Empty yet contented final lap for Dean Jones at MCG


A private memorial service to celebrate the life of former Australian cricketer Dean Jones was held last week at the hallowed Melbourne Cricket Ground (MCG).

Dean, who was part of the Star Sports commentary panel for the 13th Indian Premier League (IPL) edition being held in the United Arab Emirates (UAE), died in a Mumbai hotel after suffering a cardiac arrest on September 24.

His wife Jane, daughters Isabella and Phoebe and Jones’ siblings were among a group of 10 to attend the small ceremony at a funeral parlour held over the weekend because of COVID-19 restrictions.

A hearse carrying Jones’ handmade Indian coffin adorned with the Australian flag and a floral 324 arrangement showcasing Deano’s Australian Test cap number, took one last lap of the iconic cricket ground, according to the official MCG website. The number was also his highest first-class score achieved for Victoria against South Australia on the MCG in the 1994/95 Sheffield Shield season.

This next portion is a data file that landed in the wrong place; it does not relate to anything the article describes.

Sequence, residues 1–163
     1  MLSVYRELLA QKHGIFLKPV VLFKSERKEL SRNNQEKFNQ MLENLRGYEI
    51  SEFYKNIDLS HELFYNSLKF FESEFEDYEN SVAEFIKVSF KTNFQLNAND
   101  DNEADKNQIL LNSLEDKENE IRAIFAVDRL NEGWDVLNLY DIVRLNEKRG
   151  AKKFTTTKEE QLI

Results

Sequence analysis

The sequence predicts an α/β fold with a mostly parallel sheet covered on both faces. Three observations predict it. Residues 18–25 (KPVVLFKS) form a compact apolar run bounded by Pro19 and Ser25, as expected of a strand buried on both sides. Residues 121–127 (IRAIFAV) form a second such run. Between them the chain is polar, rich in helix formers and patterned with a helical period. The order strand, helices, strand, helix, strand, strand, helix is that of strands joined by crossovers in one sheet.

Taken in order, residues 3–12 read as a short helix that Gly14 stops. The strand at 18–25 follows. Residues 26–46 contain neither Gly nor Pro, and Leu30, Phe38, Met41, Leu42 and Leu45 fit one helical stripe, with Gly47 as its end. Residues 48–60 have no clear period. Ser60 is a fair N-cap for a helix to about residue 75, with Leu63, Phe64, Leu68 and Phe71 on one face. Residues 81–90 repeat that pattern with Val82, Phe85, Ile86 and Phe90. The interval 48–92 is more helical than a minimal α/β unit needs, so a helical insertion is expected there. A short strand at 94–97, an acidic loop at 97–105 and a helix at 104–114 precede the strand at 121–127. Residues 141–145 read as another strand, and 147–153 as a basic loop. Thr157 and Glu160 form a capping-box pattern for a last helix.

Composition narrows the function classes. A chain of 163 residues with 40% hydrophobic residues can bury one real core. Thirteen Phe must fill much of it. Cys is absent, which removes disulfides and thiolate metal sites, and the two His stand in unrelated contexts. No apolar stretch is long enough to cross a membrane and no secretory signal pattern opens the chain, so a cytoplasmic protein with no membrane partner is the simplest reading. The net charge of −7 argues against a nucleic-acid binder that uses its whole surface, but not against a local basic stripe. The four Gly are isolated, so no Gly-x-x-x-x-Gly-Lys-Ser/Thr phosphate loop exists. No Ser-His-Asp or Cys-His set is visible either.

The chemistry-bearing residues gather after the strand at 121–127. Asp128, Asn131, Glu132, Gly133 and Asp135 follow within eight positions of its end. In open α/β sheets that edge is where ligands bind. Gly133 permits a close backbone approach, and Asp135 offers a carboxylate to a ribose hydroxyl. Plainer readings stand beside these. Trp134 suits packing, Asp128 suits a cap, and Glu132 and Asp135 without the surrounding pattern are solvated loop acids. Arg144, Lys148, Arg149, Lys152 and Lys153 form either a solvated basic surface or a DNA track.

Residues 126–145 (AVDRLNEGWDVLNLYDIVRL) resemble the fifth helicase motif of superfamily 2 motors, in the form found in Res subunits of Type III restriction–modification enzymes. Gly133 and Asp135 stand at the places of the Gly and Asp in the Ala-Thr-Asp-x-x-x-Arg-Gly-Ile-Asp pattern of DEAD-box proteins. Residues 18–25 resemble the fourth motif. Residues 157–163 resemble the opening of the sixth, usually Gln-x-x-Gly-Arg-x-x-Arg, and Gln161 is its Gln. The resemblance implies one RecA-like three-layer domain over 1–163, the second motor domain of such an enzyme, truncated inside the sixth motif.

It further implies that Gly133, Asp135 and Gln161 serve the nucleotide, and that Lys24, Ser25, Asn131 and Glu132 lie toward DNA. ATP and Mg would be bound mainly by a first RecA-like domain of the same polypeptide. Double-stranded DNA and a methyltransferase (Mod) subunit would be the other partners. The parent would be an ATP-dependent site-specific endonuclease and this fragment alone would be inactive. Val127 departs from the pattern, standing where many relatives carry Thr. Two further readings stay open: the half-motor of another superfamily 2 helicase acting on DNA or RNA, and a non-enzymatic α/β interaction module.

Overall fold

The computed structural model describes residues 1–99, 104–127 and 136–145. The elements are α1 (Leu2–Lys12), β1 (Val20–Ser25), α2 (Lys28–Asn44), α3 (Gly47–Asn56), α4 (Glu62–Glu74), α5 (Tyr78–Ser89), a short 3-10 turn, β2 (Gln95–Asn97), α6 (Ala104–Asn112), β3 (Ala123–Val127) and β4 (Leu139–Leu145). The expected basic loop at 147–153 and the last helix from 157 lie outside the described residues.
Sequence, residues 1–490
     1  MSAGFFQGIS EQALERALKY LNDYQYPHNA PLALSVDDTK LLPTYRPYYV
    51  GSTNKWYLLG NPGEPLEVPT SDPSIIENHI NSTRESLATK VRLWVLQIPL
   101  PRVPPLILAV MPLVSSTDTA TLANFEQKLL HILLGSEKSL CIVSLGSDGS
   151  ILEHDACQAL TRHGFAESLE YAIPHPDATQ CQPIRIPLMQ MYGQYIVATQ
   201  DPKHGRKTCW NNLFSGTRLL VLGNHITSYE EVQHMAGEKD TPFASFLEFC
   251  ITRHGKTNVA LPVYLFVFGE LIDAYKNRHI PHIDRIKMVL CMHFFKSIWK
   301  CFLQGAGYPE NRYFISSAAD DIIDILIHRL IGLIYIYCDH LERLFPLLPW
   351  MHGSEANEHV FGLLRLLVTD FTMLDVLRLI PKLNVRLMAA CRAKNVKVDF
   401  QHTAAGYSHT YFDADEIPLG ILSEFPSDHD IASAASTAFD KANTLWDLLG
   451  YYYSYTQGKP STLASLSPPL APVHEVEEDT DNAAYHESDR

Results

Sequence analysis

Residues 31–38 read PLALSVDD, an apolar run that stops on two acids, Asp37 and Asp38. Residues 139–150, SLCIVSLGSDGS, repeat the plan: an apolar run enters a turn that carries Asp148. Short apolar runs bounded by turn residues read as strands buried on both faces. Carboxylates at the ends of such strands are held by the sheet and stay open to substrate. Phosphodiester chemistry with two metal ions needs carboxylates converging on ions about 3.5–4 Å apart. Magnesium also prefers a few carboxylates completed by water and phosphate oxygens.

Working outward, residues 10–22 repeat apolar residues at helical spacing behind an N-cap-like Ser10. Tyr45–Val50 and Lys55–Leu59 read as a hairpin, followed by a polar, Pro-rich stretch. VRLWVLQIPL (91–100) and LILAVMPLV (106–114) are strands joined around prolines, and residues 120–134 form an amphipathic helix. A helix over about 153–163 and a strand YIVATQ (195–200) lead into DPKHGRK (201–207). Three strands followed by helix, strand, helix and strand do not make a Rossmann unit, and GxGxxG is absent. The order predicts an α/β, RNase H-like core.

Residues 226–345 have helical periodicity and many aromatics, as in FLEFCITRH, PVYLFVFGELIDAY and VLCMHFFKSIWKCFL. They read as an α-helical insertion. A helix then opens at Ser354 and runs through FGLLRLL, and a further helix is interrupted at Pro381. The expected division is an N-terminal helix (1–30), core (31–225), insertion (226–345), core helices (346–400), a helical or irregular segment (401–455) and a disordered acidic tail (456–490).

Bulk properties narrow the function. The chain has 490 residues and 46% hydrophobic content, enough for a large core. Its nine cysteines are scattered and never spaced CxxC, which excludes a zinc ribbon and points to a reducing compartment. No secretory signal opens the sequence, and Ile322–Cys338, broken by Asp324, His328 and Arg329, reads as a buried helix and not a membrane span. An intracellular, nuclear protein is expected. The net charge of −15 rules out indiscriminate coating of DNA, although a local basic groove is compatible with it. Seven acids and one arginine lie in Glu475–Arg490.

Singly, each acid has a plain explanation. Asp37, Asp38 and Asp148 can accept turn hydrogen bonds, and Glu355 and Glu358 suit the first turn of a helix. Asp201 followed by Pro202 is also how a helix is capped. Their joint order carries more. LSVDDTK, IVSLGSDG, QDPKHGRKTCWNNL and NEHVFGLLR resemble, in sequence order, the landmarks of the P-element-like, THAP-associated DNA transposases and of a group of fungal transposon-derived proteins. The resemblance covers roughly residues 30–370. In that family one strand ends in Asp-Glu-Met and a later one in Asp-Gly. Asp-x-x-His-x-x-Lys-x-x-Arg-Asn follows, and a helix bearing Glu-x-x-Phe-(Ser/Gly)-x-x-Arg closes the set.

Dean Jones’ picture being displayed at MCG as a hearse carrying his coffin enters the stadium.

“We have been deeply moved by the outpouring of love for Dean over the last week and can’t thank everyone enough for their support and for sharing their memories with us,” Jane said.

“It has been an awful time to navigate as a family, but I could not have thought of a more fitting place to say goodbye to my husband than under the lights of his beloved MCG. What better way to honour him than with the music of his friends Elton John and INXS echoing throughout the empty stadium,” she added.

Meanwhile, former Australia captain Michael Clarke said Jones deserved a “full house standing”. “He deserved a full house standing and applauding. RIP great man,” Clarke tweeted on Wednesday.

Prof Deano featured in 52 Tests, scoring 3,631 runs at an average of 46.55. In 164 ODIs, he made 6,068 runs, at 44.61, with seven hundreds and 46 fifties. One of his most memorable Test innings came in 1986, when in the heat and humidity of Chennai, he battled exhaustion and illness to make a heroic 210 in what would be only the second tied Test ever.

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